In the 1890s, there was a large campaign to modernize and beautify the city, the success of which led some officials to proudly call San Francisco the "Paris of the West." But in 1906, a devastating earthquake shook the city and a resulting fire leveled much of the city (in fact, almost 90% of the total damage was from the fire, and not the quake itself). Nevertheless, officials at the time immediately set out on a plan to rebuild the city, with new parks, boulevards, the current civic center complex, and landmarks such as the Coit Tower atop Telegraph Hill. In 1915, San Francisco hosted the Panama-Pacific Exposition (where the Palace of Fine Arts complex is currently located) to showcase the completely rebuilt city.

In the wake of the Great Depression of the 1930s, San Francisco remained largely unscathed. In fact, it was during this time that the Golden Gate Bridge and the Bay Bridge were conceived and built. It was also during this time that the federal government established a prison on Alcatraz Island, which would hold some of the most notorious criminals of the era.

After World War II, San Francisco continued to grow in population. Aggressive urban planning projects led to a changing skyline, with more highrises in the city's financial district and new freeways rimming the city's waterfront. But in some sense the years after World War II were also unique in what didn't happen; while cable cars were once commonplace throughout North America, San Francisco remains the last place to still have them in daily use as actual transportation. Sprawl and auto-centric development have also happened in San Francisco, but less so than in most other American cities and it is therefore still one of the best destinations to explore the United States without a car. In later years, the waterfront freeways were deemed an eyesore and eventually torn down and replaced with the far more pleasant Embarcadero Boulevard.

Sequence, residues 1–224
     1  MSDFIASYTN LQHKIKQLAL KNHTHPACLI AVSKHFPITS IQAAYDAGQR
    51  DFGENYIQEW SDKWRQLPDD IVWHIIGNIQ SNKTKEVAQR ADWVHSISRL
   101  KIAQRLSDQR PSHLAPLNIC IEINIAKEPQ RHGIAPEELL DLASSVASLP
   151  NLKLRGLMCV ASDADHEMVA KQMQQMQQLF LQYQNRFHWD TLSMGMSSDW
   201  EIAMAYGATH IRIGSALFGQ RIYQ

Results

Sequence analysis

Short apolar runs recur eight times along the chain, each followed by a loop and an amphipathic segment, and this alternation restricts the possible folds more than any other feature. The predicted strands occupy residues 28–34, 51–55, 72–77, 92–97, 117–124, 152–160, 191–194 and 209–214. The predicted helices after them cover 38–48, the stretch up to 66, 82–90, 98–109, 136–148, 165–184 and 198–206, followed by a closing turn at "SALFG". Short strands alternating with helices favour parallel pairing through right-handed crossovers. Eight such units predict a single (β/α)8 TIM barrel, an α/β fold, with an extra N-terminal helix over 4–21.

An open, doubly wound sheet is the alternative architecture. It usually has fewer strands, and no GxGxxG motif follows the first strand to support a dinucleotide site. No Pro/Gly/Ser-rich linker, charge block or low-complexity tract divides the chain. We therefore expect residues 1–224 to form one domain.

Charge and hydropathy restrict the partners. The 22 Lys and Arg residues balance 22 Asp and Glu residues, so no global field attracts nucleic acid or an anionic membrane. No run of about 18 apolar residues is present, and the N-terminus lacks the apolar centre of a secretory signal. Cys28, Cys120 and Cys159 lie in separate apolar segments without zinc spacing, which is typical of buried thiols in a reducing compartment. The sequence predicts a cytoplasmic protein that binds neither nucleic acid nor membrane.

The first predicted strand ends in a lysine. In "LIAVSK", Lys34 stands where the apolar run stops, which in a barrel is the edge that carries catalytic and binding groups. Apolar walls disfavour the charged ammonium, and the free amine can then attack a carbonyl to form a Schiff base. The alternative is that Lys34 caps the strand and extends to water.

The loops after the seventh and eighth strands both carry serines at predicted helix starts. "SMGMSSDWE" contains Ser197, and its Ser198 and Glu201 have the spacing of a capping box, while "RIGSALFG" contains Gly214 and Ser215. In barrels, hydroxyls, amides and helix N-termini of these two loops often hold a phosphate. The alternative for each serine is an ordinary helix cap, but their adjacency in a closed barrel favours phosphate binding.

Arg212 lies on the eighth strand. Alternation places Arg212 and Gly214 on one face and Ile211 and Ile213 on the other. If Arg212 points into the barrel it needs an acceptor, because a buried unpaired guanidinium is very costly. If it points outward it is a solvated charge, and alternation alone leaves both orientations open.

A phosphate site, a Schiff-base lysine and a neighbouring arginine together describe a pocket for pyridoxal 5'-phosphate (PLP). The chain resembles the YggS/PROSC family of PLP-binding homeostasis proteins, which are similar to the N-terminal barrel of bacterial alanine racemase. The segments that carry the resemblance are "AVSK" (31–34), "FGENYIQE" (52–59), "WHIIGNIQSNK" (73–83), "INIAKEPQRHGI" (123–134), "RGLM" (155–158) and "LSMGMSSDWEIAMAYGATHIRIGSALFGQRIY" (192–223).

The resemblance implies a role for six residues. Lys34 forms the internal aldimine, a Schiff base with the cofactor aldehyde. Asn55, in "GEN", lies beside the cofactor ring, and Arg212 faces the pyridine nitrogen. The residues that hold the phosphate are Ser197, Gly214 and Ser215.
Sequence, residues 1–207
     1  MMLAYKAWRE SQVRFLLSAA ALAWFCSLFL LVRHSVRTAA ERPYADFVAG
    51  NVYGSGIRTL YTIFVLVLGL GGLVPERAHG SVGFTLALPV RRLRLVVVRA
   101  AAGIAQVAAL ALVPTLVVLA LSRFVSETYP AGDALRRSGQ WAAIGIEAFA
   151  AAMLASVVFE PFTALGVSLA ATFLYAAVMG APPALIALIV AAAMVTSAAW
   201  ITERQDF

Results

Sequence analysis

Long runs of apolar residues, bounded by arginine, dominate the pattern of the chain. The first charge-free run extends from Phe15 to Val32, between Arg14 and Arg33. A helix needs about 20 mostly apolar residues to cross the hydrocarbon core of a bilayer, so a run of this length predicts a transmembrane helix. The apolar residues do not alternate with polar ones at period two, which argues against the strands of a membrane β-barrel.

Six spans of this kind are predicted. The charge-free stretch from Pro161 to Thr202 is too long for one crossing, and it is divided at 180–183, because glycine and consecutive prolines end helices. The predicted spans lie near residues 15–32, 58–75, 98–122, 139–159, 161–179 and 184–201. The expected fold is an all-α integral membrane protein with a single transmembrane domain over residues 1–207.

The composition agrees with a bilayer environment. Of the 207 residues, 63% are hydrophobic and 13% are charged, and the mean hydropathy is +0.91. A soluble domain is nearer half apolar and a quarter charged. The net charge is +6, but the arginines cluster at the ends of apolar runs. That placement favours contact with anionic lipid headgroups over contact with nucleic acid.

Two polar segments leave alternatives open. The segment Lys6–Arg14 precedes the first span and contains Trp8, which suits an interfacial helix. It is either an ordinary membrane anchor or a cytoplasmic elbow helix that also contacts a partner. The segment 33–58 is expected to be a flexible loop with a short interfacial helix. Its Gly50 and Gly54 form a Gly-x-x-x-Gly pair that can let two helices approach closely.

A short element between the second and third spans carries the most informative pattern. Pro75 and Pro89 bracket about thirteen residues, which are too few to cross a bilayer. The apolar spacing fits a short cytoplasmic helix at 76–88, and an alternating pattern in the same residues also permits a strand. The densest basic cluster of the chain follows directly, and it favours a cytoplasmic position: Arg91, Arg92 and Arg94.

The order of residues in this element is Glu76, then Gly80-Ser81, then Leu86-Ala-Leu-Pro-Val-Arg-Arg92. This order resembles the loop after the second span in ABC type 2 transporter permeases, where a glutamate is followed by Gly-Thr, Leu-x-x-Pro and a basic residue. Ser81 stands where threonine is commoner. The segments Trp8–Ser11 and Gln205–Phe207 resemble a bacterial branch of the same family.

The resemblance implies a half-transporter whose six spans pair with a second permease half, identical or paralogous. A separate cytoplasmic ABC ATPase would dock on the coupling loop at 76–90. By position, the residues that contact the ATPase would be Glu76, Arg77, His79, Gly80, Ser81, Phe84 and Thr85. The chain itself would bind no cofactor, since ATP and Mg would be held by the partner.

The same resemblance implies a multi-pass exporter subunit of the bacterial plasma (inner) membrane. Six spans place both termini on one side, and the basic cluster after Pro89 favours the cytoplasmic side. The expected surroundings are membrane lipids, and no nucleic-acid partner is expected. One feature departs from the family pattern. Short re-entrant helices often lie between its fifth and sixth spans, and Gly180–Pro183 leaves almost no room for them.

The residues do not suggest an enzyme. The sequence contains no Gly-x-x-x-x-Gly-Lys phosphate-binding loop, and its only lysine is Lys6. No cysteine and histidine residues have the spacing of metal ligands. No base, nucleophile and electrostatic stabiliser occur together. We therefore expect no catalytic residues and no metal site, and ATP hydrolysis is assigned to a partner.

Besides being a beautiful city to visit, from the 1950s forward San Francisco became known as the city of the cool, quirky, unusual, and counterculture. There were the Beatniks of the fifties and sixties, and the hippies in the sixties and seventies. "Only in San Francisco" became part of the lexicon to describe San Francisco's counterculture and rebel population, a reputation that still exists today. The film industry also made San Francisco world-famous and instantly recognizable; the city provides a superb backdrop for a movie, regardless of genre or topic.

Since 2000, San Francisco has experienced a development boom. Even with the burst of the dot-com bubble, the economy has remained robust and the city government pushed for redevelopment of its blighted industrial section known as "South of Market". Today, the SoMa area is crowded with new condominium and office buildings, new tourist attractions, and dot-com industries. The city's efforts have shielded it somewhat from the recent recession and subsequent real estate crash, and today the financial sector is second only to tourism as San Francisco's largest industry, with the city consistently remaining at the top five of the world's most popular tourist destinations.

Climate

"The coldest winter I ever spent was a summer in San Francisco." — attributed to Mark Twain
 Climate Jan Feb Mar Apr May Jun Jul Aug Sep Oct Nov Dec
 
Daily highs (°F) 56 60 61 63 64 66 66 66 70 69 64 57
Nightly lows (°F) 46 48 49 50 51 53 54 54 56 55 51 47
Precipitation (in) 4.1 3.5 2.9 1.5 0.5 0.2 0 0 0.2 1.1 2.6 3.9

San Francisco has a mild climate, with cool, wet winters and dry summers. In most months, you can expect the high temperature to be in the upper 50s, 60s or low 70s degrees Fahrenheit (between 15 and 25 degrees Celsius). However, these mild temperature readings belie a unique climate not shared by other major cities in the state or country.

Summer days usually start out under fog, slowly burning off towards the ocean into a sunny albeit windy afternoon. Measureable precipitation during the summer months is rare, although light drizzle is possible. Humidity is very constant, but rarely uncomfortable. At late afternoon, when the fog and wind returns people generally find themselves needing a jacket (and this is summer!). There are some days when the fog lingers all day.